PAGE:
Branson smiled, hoping he would shut up. But he went on and said he was also a drummer in a band and asked if he could play a demo tape. Branson’s heart sank but he didn’t want to be rude so he replied with a ‘That will be lovely’.

And just as they were getting to the end of the trip, the cabbie put on the tape and Branson then heard the words ‘I can feel it coming in the air tonight.’

That’s when the cabbie got out laughing like mad. He was the one and only Phil Collins..

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A bad mood, a bad day, work, busy-ness and other things seem to get in the way of us being the best we can be.

‘You meet the same people on the way down as you met on your way up. So, treat them well’ is a quote I really like.

Branson’s story reminded me of that wise quote..

Here’s to being polite and kind to everyone we meet this week!

Why E-Learning Will Never Beat the Real Thing

My (really cool) guitar teacher received a whole bunch of emails this week. Following my months of personal spring cleaning, I was feeling the effects of spring this week. And that flowed to my guitar learning as I sent him email after email speaking of songs I really wanted to learn. The excitement was palpable. And I kept checking out song lessons online to figure out if songs were easy or difficult.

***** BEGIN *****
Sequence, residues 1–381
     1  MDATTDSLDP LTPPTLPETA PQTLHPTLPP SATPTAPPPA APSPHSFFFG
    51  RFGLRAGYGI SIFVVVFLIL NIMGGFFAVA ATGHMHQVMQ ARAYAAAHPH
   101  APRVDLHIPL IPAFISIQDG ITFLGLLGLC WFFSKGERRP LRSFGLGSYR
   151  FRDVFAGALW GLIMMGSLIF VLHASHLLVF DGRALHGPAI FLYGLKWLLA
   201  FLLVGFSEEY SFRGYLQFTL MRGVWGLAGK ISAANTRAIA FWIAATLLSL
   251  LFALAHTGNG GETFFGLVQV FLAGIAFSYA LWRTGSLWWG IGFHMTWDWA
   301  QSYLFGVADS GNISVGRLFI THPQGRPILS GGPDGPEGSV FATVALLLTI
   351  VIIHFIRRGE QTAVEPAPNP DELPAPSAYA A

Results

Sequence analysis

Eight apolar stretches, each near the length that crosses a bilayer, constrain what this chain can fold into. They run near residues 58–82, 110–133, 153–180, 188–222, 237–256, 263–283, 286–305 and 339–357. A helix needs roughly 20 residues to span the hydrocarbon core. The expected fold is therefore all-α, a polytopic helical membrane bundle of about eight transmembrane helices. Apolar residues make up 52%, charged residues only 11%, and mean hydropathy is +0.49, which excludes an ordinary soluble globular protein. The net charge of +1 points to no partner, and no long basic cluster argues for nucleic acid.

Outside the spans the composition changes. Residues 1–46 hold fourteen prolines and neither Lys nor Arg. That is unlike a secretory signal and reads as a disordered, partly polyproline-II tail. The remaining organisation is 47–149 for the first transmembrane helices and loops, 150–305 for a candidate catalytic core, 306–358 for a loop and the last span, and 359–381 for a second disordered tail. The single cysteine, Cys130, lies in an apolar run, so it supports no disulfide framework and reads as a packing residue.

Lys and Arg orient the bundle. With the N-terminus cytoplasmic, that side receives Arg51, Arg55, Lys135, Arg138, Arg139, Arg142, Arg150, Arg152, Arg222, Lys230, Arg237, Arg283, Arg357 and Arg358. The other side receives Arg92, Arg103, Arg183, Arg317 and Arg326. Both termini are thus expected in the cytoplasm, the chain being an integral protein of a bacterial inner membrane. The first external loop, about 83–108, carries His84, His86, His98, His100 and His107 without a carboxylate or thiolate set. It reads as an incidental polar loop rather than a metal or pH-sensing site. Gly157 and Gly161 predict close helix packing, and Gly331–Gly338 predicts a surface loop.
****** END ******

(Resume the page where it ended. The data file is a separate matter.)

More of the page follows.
He joked towards the end of the lesson that after all those emails, he thought he’d better give me lots to do this week or he’d lose me to online lessons.

My immediate response was that that would not happen in the near future. I explained to him that I’m one of those people that gets the maximum out of learning when a teacher is involved – it comes with my low attention span. I’ve written about why I don’t even attempt to be self taught these days.

That response did get me thinking though. I found myself reflecting on a normal occurrence when I’m home. One of the most important parts of my trip is to make time to visit/speak to my secondary school teachers.

And now I fully understand why. In my case, my teachers have made all the difference in the world. I’ve been fortunate to be blessed with many great ones – starting with my mom and family, moving on to my teachers in school, mentors in my workplace and close friends all through. All of the good that exists within me exists because of these individuals who have taken time to teach me things. And I wouldn’t be anywhere without them. Just a very energetic kid with a very low attention span. 

Online education is a big thing these days. Many teachers have felt threatened by this new unknown monster. My view on this is simple – it will likely work very well as an accompaniment to learning but, at the end of the day, all those kids closer to the attention deficit side of the spectrum (half the population one would think..) would still need that guiding hand especially when they are young. And if you’re a good teacher you’re invaluable anyway. (The bad ones have reasons to be worried.)